Sources contrasted the chat room jihadists to the seven wanna-be Al Qaeda cell members arrested in a poor area of Miami by the FBI last week, who appeared to have no capability of carrying out plots they hatched to bomb FBI offices in several cities including New York.
"This is more advanced than the Miami Seven," said one of the sources, who spoke on condition of anonymity.
An anonymous source making an unsubstantiated and apparently unquestioned claim. Good enough for me.
Other nitpicky observations from the DN story:
"The plotters wanted to detonate a massive amount of explosives inside the Holland Tunnel to blast a hole that would destroy the tunnel, everyone in it, and send a devastating flood shooting through the streets of lower Manhattan." This description of the alleged plot isn't attributed to anyone, and should be.
"It is assumed by officials the thugs would try to use vehicles packed with explosives." ... It's as though they were determined to use the passive voice.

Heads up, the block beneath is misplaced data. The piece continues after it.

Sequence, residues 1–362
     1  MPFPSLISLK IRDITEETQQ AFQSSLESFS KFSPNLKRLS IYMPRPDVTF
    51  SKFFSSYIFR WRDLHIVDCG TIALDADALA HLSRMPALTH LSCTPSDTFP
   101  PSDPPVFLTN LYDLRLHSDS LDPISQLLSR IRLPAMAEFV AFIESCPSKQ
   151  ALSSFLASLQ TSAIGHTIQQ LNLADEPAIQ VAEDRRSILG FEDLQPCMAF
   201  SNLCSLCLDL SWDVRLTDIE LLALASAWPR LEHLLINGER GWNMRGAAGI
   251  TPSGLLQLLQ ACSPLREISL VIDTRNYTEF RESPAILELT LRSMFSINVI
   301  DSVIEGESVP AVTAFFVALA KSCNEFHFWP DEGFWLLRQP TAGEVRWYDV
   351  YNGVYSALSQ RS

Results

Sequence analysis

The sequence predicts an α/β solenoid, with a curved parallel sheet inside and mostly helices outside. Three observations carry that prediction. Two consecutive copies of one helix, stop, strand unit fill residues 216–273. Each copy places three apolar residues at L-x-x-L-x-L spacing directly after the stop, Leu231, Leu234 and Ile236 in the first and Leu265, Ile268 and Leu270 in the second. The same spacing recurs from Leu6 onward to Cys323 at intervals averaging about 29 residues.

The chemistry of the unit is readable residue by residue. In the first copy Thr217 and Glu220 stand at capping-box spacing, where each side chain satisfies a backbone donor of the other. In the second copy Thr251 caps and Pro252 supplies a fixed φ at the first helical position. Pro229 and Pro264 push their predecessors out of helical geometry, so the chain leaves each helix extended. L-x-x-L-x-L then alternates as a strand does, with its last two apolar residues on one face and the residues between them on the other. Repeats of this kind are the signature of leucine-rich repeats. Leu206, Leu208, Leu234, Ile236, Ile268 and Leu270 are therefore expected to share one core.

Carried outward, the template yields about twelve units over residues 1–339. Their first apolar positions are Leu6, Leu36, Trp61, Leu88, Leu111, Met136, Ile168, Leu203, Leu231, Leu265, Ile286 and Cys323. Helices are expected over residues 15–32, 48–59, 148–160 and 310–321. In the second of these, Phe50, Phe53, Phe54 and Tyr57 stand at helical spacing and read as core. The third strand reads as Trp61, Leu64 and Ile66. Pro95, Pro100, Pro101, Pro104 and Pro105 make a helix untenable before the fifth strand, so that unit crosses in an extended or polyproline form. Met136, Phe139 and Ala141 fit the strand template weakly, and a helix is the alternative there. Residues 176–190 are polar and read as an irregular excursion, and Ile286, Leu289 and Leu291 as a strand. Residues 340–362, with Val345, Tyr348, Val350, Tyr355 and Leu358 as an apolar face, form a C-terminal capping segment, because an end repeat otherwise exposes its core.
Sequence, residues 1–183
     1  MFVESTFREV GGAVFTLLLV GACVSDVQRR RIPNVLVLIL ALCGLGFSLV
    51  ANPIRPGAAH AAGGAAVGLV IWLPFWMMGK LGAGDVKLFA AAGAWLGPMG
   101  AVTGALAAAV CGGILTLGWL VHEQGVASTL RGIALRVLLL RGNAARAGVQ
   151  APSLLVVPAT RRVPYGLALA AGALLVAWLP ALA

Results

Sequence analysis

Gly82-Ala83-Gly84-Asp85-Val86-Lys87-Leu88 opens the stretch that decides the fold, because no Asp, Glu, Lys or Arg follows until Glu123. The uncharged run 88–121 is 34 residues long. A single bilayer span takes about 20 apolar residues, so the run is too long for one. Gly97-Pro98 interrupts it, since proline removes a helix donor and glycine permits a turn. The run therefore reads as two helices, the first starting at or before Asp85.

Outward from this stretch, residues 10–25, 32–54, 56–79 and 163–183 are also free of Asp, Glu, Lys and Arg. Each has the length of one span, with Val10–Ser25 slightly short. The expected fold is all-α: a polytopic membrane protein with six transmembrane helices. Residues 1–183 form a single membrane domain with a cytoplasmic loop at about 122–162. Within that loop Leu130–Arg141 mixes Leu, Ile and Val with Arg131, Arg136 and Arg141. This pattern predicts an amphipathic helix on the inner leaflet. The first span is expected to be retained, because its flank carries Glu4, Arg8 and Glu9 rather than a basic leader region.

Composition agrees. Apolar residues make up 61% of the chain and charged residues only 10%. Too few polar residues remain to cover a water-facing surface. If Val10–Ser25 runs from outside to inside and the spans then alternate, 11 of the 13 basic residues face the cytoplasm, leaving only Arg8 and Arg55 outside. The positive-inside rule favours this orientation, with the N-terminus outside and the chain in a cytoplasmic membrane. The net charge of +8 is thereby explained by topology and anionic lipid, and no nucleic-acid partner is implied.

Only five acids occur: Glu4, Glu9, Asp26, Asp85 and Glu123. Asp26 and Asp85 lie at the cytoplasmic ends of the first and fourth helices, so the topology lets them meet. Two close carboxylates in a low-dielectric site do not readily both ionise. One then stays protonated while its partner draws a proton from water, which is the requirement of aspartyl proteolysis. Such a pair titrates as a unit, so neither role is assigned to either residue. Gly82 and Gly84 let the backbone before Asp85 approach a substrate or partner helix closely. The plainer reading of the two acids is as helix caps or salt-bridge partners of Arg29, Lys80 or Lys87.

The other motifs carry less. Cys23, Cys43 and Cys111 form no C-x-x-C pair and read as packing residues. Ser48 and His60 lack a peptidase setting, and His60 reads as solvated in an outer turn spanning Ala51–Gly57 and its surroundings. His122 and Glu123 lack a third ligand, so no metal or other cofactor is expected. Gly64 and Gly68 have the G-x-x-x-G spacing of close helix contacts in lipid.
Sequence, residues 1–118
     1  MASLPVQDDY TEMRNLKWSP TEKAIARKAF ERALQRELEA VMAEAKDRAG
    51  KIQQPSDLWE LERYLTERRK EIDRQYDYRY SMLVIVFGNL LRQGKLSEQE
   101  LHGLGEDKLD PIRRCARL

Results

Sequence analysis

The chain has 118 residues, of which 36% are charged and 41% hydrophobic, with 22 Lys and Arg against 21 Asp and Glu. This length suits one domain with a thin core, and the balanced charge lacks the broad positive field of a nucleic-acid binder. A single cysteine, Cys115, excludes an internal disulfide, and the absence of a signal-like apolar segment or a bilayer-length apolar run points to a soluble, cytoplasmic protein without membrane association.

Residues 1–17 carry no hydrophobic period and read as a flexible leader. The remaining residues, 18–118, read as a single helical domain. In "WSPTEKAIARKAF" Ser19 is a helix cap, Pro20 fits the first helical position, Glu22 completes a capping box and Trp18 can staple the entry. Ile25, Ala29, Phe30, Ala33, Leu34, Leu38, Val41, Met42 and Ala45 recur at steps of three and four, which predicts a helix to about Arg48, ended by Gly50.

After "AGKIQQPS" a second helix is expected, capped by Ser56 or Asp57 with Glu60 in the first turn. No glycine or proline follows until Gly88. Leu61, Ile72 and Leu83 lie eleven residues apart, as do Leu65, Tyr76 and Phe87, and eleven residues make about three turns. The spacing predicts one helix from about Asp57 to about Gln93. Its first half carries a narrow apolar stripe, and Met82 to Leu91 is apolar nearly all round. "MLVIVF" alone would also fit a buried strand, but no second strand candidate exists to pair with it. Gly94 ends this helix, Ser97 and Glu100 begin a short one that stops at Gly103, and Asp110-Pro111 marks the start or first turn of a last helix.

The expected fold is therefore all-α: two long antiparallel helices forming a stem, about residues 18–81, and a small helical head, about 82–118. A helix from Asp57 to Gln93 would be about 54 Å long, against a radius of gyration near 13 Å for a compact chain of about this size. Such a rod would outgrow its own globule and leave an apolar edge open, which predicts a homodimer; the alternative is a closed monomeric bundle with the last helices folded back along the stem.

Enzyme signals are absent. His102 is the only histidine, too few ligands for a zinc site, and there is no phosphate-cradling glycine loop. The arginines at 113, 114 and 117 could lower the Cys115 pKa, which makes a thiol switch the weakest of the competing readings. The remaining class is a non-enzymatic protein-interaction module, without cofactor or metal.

"Al Qaeda founder Bin Laden has often urged his followers to "bleed" America financially." ... Nice first reference. Note to editors: "Bin" is not this scumbag's first name. Makes you wonder who they think "Osama" is.
Considering how little we know about this alleged plot, the timing of the annoucement an unspecified number of months after the arrest, the lack of on-the-record corroborating sources, the proximity to the November elections and the Bush administration's track record regarding such annoucements, I'm going to go on record (somebody has to) as saying this "announcement" is probably bullshit.